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What happened on day three of the second Test between New Zealand and England?

Rory Burns also reached three figures.

Joe Root struck a patient century (Mark Baker/AP)
Joe Root struck a patient century (Mark Baker/AP)

By PA Sport Staff

Joe Root resolved to bat through the entire third day of the second Test against New Zealand as the England captain temporarily silenced his detractors with a resolute century at Hamilton.

There has been scrutiny over whether the captaincy is impinging on Root’s batting because of his average of just 27.4 in his 10 previous Tests this year, but he ended his lean trot with an unbeaten 114 at Seddon Park.

Root’s 17th Test hundred, allied to Rory Burns’s 101, carried England to 269 for five – still trailing New Zealand by 106 before the players were brought off with 16.2 overs still left in the day because of rain.

Tweet of the day

Root’s brother Billy, a county cricketer with Glamorgan, made his feelings about the speculation surrounding his elder sibling quite clear.

Quote of the day

It will stay until I get home and then I'm pretty certain my missus will have it off quick time. Won't want to see me looking like my old man too much. Rory Burns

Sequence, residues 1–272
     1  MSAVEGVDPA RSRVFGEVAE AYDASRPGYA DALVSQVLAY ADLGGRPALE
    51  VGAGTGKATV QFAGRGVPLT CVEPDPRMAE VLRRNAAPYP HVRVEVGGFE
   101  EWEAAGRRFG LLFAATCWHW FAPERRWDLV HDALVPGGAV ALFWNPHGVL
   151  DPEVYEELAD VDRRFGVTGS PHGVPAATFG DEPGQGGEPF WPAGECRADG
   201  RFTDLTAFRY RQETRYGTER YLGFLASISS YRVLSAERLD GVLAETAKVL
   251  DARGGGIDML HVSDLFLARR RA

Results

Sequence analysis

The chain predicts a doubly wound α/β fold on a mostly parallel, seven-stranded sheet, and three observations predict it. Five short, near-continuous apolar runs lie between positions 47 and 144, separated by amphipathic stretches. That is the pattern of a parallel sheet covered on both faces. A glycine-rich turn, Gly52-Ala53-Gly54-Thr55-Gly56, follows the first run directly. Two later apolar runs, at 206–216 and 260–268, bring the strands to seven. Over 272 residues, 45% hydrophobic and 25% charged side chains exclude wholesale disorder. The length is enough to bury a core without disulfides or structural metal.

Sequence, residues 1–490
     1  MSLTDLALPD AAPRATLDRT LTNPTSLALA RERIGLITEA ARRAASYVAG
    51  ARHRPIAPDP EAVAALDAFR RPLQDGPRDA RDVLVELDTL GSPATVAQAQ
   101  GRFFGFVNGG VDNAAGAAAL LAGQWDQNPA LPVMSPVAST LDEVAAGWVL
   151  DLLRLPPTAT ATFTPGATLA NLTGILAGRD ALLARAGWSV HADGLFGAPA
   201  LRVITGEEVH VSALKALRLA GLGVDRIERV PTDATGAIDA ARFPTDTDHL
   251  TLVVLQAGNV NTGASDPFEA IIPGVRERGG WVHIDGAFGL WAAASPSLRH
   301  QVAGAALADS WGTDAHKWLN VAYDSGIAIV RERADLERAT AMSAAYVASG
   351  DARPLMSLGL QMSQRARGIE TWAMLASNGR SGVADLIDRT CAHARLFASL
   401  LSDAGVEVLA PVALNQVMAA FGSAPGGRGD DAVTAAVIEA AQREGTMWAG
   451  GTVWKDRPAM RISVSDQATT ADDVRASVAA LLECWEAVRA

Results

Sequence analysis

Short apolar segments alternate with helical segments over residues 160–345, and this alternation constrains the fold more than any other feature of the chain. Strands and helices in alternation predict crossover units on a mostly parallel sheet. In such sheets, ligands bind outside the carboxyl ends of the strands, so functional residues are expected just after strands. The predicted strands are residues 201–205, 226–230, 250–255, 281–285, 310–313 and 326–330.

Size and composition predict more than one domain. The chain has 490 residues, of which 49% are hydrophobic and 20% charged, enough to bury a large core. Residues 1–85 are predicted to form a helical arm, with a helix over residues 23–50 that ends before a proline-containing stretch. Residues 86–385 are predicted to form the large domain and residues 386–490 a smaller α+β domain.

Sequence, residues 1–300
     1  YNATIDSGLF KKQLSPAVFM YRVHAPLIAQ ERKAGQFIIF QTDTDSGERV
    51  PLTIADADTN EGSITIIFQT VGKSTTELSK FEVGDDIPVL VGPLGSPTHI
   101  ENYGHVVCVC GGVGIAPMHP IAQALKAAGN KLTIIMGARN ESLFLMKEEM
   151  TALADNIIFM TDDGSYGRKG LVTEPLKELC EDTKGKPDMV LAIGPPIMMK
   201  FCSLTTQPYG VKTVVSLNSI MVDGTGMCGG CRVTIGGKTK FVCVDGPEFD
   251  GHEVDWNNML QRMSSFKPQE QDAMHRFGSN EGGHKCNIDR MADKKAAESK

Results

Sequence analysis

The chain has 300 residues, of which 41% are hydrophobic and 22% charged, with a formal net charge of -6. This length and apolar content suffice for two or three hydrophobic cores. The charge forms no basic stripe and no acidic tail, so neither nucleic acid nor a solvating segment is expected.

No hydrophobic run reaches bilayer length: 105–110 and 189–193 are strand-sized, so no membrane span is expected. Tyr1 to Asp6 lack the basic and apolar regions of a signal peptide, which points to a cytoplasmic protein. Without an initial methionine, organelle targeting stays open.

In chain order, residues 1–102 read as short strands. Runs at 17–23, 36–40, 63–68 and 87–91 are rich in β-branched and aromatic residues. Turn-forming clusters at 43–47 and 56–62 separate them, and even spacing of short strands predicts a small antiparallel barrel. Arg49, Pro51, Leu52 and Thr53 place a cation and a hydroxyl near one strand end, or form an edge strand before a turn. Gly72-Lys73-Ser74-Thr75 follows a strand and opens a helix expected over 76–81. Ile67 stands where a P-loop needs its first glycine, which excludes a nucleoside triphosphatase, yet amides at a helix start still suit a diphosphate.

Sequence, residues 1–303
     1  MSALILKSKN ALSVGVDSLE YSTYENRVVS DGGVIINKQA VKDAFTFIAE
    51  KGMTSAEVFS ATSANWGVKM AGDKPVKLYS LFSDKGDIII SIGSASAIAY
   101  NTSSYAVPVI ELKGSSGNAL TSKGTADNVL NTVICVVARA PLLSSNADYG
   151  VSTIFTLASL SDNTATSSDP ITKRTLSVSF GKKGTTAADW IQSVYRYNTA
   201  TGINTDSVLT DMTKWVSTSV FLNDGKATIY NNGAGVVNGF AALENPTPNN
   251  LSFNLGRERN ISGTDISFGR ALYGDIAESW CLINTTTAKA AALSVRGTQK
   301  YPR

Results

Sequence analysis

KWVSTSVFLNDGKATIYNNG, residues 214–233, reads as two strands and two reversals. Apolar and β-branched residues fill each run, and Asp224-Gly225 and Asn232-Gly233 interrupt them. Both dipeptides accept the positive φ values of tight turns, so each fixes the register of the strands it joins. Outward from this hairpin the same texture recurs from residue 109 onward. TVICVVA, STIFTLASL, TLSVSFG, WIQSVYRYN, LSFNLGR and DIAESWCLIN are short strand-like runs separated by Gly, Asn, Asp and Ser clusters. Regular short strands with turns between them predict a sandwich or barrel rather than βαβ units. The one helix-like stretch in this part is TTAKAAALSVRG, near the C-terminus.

It is not certain who the last batsman to record a Test century for England while sporting a moustache was – some have proffered Jack Russell in 1996 – and Burns admitted his facial fuzz, in honour of Movember, is not likely to last long on his return home.

Burns’ slow demise

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Rory Burns is run out on day three (Mark Baker/AP)

There was a lengthy wait before Burns was given out. It seemed obvious that he was short of his ground, albeit by a matter of inches, as he came back for a second run but third umpire Bruce Oxenford went through an assiduous process before bringing the axe down. The delay seemed to centre on whether the bails had been lifted from their grooves, made all the more difficult because of a colour clash – the stumps here are white.

Every little helps

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Daryl Mitchell was erroneously called for a no-ball (Mark Baker/AP)

England’s march towards New Zealand’s total was given a minute helping hand when Kumar Dharmasena signalled for a no-ball off Daryl Mitchell. Replays subsequently showed some of the all-rounder’s front foot was behind the line at the first point of contact but it was a marginal decision.

Wagner hammers home his point

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Neil Wagner tended to the pitch himself (Mark Baker/AP)

Neil Wagner is used to taking a sledgehammer to opposition batsmen – figuratively speaking – but he used a literal one to flatten out some footmarks on the popping crease. Taking the mallet out of the groundsman’s hands, Wagner got to work and had his reward when he angled one across Test debutant Zak Crawley.

What’s next

December 2: New Zealand v England, day four of the second Test at Hamilton, where the tourists will be looking to claim a significant first-innings lead.

PA

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